A History of Telecommuting Remote Works Evolution Explained featured image

A History of Telecommuting: Remote Work’s Evolution Explained

Updated February 2024

Though telecommuting has grown 216% since 2005, according to Global Workplace Analytics, working remotely didn’t begin as a modern-day convenience. The history of telecommuting is tightly woven with the story of information transfer and technology development. Though both stories unfolded separately at first, they greatly influenced each other’s maturity. It wasn’t until the 1970s when remote work and tech locked arms and transformed the workplace side-by-side.

Before the Disco Era, telecommuting wasn’t a viable workplace model, and techies were trying to solve complex scientific and infrastructure problems. However, when remote work and technology intersected, they proved inseparable.

Though it’s difficult to capture the countless milestones that influenced the remote workspace, there are a few notable data points that irrefutably altered the course of telecommuting forever.

The Early Days: Up to the 1800s

Though remote work is currently seen as a modern-day convenience, working at home was the normal way of life for tradespeople and farmers. Blacksmiths, carpenters, weavers, gunsmiths, saddlers, and barbers would partition their living space or build a separate structure on their land to perform their craft. Many farmers who raised cattle, sheep, and chickens added lofts above their animals or blocked off a part of the barn for living quarters.

In the early days, working from home was a necessity, as many individuals didn’t have the time or money to travel to a separate location on a daily basis.

Workplace Revolutions: 1800s Through 1950s

The Industrial Revolution era dramatically changed workplace models and arrangements. Manufacturers drew people from their homes to work in factories and construction sites. Just after the turn of the 20th century, local governments began enacting zoning laws to separate residential areas from commercial and industrial sectors, geographically separating work and home activities.

Wars also altered the nature of the workplace, as women filled positions to maintain production while men went off to serve as soldiers. As women persisted in the workforce, influenced legislation to expand their rights, and achieved more education, gender roles began shifting noticeably throughout the U.S., and more women spent time away from home to earn income.

During the early 1800s, Englishman Charles Babbage developed the first programmable, mechanical computer. His design served as the foundation for future analog computer designs. As scientific knowledge of electricity matured, the U.S. Navy invented an electromagnetic computer in 1938, which used both mechanical and electric components. Soon after, computers were digitized with completely electronic circuits.

The Electronic Numerical Integrator and Computer (ENIAC) was the first electronic programmable computer developed in the U.S. Then, in the early 1950s, integrated circuits were invented, which gave way to the microprocessors that make up the bones of modern-day computers.

Flex Time Is Born: 1960s

In 1967, an aerospace manufacturing company in Germany spearheaded a flexible schedule option for their workforce to alleviate commuting and employee performance issues. This flex-time program inspired Hewlett-Packard to introduce a similar option in their German and U.S. locations. From then on, companies around the world began experimenting with different workplace models for the sake of efficiency and productivity.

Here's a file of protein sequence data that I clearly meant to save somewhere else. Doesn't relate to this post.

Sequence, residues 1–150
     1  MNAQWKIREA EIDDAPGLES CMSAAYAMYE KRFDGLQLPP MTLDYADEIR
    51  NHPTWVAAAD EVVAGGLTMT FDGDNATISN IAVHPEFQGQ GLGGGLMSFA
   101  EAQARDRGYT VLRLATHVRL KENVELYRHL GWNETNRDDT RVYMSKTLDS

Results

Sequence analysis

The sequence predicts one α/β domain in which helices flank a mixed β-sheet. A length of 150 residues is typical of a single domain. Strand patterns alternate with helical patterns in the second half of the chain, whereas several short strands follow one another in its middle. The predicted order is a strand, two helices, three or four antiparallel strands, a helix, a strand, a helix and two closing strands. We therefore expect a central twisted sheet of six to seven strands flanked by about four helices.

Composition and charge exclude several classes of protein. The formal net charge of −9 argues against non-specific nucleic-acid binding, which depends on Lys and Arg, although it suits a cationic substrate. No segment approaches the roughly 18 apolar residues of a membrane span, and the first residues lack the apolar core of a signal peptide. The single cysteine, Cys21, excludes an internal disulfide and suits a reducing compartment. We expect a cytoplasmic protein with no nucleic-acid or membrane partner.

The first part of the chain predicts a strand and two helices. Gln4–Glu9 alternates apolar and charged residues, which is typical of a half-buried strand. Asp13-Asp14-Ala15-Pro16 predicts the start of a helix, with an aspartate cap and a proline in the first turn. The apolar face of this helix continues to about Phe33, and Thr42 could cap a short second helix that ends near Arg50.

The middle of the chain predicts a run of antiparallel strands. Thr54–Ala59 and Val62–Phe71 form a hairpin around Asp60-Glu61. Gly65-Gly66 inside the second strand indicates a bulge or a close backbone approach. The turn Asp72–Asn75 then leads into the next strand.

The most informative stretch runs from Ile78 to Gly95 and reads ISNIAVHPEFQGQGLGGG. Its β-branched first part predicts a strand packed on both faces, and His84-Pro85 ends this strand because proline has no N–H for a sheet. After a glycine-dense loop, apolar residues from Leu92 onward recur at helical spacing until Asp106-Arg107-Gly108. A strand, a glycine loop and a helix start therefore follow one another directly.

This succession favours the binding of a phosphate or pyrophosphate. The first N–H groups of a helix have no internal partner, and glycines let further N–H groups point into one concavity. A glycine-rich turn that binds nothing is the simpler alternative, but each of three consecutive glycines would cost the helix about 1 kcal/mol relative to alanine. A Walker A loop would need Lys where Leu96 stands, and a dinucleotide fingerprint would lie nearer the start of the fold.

In the same period, the U.S. Department of Defense (DOD) created the first working prototype of the Internet. DOD found a way to connect different computers on one network, which was dubbed the Advanced Research Projects Agency Network, or ARPANET. Without this spark of ingenuity, cloud-computing, remote desktop capability, and virtual meetings would not be possible.

The Father of Telecommuting: 1970s

In 1973, a man named Jack Nilles significantly influenced the telecommuting workplace model with his book, The Telecommunications-Transportation Tradeoff. Nilles researched and developed a case that showed how remote work could offset traffic congestion and resource conservation.

His model caught on quickly and, in 1978, the U.S. government passed a flexible work arrangement (FWA) policy, which granted flexible and compressed schedules to federal employees.

Since the federal government was willing to experiment with alternative work environments, more businesses sought similar solutions to solve escalating human resources issues. Thus, due to his contributions and expertise in telework program development and management, Nilles is appropriately named “The Father of Telecommuting.”

On the tech side of history, more developments were being made to increase the connectivity of computing devices. One huge milestone was the creation of Transmission Control Protocol and Internet Protocol, or simply called TCP/IP. These protocols provided a standard for how data could transfer between computers. Plus, though mobile phone development started in the early 1900s, Motorola made the first handheld mobile phone during this period, which shattered communication norms and allowed people to converse more freely.

Advancements in Telecommunications: 1980s

Telecommunication advancements made working from various locations possible. Giants like J.C. Penney started hiring home-based call center agents as a way to cut costs and offer employment incentives. Plus, businesses began to see the value of computers and incorporated computers into daily employee tasks. In 1985, Bill Gates launched the legendary Windows operating system, which revolutionized personal and business computing forever.

Remember ARPANET and TCIP/IP from the 60s and 70s? When ARPANET adopted the TCIP/IP in 1983, more networks and computers were connected by a single, more extensive network, which spawned the creation of our modern-day Internet. In the same year, the Advanced Mobile Phone System (AMPS) was introduced in North America, which made first generation (1G) analog mobile phones available on the commercial market.

Environmental Influences: 1990s